Elephants are kept in place with a cuff around their lower leg attached to a rope or chain which runs to a stake, maybe 3 feet log, driven into the ground. This seems a problem for a huge animal that can pull trees up with their root systems. How come they can be held in so easily? I have heard that trainers take baby elephants and cuff and chain them to a stake in the ground, only the stake is connected to a huge concrete block. The infant pulls and struggles for hours or days before quitting. Once it quits, it doesn’t try again. In captivity, elephants often pull the stakes up from the ground by accident, even in their sleep! However, they stay in place. I have been told that elephants have stood and burned to death in fires, chained to a little stake in the ground; they are that completely convinced. We aren’t very different.
While learning about Post Traumatic Stress Disorder, we were told about a soldier who had recently come back from a combat tour in Vietnam. During debriefing, one of the questions he was asked was: “how do you enter a house?”
His answer was “Run up, kick in the door and throw in a grenade.” They reminded him that he was back in the U.S. and wondered if he had any other ideas. He could not creatively come up with one.
I remember wondering about him; I would bet that he hadn’t thrown grenades as a 14 year old. However, we had put him in a world with different rules. In the combat zone, you didn’t light cigarettes after dark and you didn’t walk in the middle of a path and you didn’t knock on doors and wait for someone to answer. If you did, you died quickly. These are called survival rules, and we all have them. If you haven’t been in a truly traumatic situation, they may not be as firmly rooted; but over time, we develop strong rules to survive the world we grew up in.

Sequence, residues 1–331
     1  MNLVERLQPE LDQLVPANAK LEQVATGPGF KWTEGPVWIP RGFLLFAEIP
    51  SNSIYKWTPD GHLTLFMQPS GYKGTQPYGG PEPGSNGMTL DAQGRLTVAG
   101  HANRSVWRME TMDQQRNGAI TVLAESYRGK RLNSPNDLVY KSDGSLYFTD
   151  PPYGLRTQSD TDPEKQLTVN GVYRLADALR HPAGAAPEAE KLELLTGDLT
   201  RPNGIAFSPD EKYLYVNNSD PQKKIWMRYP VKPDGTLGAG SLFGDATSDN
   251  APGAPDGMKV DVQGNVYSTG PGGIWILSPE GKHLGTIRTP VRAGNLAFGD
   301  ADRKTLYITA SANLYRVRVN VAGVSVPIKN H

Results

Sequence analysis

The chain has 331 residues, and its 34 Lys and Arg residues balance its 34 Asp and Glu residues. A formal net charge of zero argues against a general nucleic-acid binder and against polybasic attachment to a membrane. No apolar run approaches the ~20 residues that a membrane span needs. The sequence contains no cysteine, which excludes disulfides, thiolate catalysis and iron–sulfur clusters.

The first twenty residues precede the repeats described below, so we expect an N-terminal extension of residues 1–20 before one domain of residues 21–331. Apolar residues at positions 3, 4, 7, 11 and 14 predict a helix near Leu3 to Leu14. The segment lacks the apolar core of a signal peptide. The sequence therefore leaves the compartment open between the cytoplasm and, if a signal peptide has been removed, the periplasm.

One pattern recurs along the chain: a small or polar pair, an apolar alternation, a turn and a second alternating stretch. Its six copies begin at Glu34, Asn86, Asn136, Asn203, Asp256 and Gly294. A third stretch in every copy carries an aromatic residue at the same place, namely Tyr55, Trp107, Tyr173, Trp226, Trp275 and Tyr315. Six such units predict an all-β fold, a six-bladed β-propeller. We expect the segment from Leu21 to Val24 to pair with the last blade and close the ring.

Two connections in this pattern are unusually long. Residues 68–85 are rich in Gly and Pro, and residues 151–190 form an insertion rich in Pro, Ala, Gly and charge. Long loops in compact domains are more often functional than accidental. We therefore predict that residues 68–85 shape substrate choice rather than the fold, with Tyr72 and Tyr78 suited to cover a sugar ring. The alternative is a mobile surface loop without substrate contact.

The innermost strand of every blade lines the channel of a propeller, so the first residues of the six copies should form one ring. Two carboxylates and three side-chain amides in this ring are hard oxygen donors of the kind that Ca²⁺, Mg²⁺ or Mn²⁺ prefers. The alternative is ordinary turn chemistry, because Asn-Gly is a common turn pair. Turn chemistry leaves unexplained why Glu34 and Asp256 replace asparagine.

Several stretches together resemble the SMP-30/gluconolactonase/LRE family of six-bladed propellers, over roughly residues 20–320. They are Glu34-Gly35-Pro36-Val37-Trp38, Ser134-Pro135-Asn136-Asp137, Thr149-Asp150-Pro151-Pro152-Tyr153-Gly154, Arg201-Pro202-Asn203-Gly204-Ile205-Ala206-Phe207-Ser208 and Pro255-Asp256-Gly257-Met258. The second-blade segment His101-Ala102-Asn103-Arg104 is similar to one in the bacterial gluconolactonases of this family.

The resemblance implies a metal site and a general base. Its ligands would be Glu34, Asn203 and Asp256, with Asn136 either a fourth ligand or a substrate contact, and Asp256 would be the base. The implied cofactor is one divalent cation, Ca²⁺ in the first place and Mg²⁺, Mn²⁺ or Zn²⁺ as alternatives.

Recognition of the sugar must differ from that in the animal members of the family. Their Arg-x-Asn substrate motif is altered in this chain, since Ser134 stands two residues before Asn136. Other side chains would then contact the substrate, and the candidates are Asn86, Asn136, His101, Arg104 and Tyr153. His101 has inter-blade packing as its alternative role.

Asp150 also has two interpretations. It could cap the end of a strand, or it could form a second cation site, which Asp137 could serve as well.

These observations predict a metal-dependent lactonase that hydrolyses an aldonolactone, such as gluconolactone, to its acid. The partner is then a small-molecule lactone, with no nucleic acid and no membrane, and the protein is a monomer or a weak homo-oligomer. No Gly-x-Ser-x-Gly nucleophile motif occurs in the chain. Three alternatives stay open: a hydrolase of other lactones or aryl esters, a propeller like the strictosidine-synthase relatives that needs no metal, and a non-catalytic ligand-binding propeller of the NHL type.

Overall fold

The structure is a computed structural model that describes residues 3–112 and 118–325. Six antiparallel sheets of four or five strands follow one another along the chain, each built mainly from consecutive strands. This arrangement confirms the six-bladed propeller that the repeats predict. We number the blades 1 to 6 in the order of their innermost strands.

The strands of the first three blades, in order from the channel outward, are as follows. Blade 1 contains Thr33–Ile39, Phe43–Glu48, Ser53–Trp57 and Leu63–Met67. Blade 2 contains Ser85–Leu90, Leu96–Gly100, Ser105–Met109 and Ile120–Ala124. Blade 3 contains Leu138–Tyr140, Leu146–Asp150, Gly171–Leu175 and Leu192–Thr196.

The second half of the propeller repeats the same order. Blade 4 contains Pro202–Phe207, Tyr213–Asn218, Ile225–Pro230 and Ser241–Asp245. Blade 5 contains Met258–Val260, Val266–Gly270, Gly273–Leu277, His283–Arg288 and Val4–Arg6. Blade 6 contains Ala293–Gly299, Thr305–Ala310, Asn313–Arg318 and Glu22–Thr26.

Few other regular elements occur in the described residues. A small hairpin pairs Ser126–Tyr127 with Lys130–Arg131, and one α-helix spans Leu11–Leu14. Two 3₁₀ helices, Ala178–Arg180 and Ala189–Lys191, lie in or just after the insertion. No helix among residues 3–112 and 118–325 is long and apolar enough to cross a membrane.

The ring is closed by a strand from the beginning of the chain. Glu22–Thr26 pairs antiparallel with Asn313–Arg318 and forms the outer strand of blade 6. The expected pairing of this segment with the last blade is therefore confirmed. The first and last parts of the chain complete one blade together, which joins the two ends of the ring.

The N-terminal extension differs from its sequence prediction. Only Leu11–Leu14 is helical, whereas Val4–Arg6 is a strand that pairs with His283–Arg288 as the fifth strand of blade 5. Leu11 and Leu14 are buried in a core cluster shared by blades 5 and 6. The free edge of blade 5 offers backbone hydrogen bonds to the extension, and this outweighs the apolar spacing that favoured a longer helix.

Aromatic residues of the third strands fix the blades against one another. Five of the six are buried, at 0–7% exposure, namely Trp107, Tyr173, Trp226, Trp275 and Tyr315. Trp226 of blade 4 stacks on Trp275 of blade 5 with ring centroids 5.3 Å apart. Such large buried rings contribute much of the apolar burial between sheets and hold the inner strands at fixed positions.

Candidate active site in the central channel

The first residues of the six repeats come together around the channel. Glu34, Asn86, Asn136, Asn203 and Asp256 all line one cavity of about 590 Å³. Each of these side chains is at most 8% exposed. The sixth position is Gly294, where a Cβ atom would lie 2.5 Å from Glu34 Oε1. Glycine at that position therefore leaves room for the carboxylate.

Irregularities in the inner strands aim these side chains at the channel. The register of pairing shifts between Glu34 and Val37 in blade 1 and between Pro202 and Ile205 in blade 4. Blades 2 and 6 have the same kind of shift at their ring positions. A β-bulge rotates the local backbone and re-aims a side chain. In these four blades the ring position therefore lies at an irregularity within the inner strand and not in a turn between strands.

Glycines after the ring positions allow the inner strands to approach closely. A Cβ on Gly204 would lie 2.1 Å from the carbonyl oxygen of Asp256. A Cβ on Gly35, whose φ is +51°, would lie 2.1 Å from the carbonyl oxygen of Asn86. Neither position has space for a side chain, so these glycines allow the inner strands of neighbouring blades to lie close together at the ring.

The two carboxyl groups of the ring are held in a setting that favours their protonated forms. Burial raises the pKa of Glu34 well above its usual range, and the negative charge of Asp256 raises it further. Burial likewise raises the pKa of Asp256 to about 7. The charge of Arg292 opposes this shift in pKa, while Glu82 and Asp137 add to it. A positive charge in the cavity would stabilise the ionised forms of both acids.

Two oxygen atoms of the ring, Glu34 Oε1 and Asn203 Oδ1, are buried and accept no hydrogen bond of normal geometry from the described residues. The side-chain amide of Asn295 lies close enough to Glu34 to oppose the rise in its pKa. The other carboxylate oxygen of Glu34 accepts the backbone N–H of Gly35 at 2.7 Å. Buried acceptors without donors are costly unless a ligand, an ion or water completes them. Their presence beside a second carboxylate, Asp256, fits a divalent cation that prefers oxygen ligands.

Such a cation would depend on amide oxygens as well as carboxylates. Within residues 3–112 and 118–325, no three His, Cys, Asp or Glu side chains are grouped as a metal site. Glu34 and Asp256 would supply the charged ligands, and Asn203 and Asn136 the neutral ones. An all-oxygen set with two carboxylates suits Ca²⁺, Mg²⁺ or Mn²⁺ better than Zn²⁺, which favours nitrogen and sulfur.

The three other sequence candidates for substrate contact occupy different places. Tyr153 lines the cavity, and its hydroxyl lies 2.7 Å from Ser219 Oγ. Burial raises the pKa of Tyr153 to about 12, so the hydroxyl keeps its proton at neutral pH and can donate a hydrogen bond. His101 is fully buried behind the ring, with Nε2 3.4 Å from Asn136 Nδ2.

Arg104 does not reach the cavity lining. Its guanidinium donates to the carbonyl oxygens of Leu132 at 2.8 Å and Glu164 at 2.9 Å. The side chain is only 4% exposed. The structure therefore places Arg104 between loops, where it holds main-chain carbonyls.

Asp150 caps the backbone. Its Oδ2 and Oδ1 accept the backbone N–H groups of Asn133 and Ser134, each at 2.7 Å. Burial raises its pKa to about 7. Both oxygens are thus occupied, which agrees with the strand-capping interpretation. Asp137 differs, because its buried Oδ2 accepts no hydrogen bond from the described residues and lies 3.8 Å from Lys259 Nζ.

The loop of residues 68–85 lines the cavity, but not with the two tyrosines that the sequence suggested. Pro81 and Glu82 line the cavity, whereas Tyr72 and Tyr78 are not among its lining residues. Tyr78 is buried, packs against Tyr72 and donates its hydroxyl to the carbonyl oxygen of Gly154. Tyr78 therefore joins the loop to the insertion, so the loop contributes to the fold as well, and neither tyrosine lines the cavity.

Perfectionism, being too critical or easily angered, keeping people at arm’s length, can all be skills we learned to survive. They can be very dear to us, but as we saw in the soldier’s case, a rule that keeps you alive in one world can get you killed in another. The rules helped you as a child may be destroying your marriage. Look around… Anything you do that you don’t know why you do it? Habits that don’t make much sense? Ask yourself why you learned them. Then ask yourself if you still need them. One woman had an eating disorder that had virtually kept her alive in her abusive family. Without its false sense of control, she might not have made it! However, as a healthy woman, she didn’t need it anymore. We celebrated its role in keeping her alive and bid it farewell. It took time, but eventually she pulled up the stakes and stopped tossing in grenades and was able to embrace her roles as a great mom and wife. Look around, see any three foot long stakes in your life?